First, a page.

She looks at me with distress that crumples her brow. We are walking her big sister home from school, and she has abruptly stopped, and tugged at my hand.
“Mumma?”, her voice full of worry.
“My legs have all run out of walking!”. She looks down at the useless offenders, and back to me, tears in her eyes, hopeful I’ve got the solution to this conundrum.
She is nearly five. It’s not, “I’m tired”. It’s not, “I don’t want to walk anymore”. It’s not even, “Mumma, can you carry me?”. It’s genuine concern that this aching, this afternoon fatigue, is a sign of her body failing her, because she doesn’t yet realise that her mind has more energy than her body could possibly keep up with.
We make it home after I assure her that her legs have definitely got enough walking to complete the journey, and she curls into my lap to rest a little before the afternoon surge arrives and she’s begging to go and play.
She is right on the cusp of little and big. She will start school at the beginning of next year, and her imagination has never been bigger. This isn’t a child who understands black and white, this whirlwind of energy is a girl who lives in her own universe and sees in fluorescent pink.
Gone is the stubbornly defiant hurricane toddler whose favourite word is “no”. This child is wild and carefree, but gentle, gracious and loyal. She throws a great sulk, but is generally willing to please, and happily follows instructions. Sharing and giving have come naturally to her altruistic heart, she has a warm, infectious laugh, and a sparkling smile. She lights up the room, she waves at strangers in the supermarket and she regales us with hilarious stories as a favourite past time at the dinner table.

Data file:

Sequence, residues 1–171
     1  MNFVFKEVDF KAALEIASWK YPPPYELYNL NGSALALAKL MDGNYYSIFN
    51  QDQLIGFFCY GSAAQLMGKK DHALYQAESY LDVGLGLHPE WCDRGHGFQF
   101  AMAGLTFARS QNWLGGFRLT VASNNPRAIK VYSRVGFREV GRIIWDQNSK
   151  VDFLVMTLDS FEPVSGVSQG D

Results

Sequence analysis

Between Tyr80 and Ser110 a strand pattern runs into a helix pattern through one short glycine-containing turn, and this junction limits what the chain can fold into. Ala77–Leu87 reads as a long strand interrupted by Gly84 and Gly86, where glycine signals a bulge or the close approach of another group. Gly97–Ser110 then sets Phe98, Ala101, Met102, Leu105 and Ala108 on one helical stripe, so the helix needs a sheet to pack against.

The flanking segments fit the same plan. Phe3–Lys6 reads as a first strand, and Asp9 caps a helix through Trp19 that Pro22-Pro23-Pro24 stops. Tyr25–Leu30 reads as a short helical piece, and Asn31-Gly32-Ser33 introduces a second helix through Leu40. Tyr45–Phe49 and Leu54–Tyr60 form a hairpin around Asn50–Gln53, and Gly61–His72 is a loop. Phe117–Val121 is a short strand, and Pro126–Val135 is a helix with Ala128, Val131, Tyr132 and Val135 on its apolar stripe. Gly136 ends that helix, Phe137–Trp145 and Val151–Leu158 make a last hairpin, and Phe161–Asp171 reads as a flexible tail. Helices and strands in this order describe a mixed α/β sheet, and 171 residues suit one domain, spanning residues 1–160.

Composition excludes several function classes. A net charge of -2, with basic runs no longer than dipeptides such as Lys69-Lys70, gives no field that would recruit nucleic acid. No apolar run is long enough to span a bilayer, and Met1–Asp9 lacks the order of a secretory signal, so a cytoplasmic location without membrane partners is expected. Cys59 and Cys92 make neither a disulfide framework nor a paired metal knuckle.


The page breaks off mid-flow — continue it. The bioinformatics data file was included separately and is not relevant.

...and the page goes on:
She admires her sister but has come to recognise that she has her own negotiation skills and doesn’t as easily accept being bossed around. She is content playing alone, but prefers company, and doesn’t easily tire of friendships.
Her hair is long and untamed, though the ringlet baby curls are gone. She’s losing her puppy fat, the dimples on her hands are discreetly vanishing, her legs lengthening, and she carries herself differently to accommodate her ever growing height.
She speaks in fast sentences with a vocabulary beyond her years. She is difficult to slow down. She’s determined and daring and not easily cautioned. She thrives off affection, and melts in my arms when she’s sad. I frequently wake in the night to find she has snuck into our bed, and is carefully stroking my face as she sleeps, or has tucked herself up under her stepdad’s arms, and is snoring softly on his chest.
This childhood littleness is so fleeting, and each day it feels as if her bigness is becoming more prominent.
She’s our littlest, and she’s nearly five.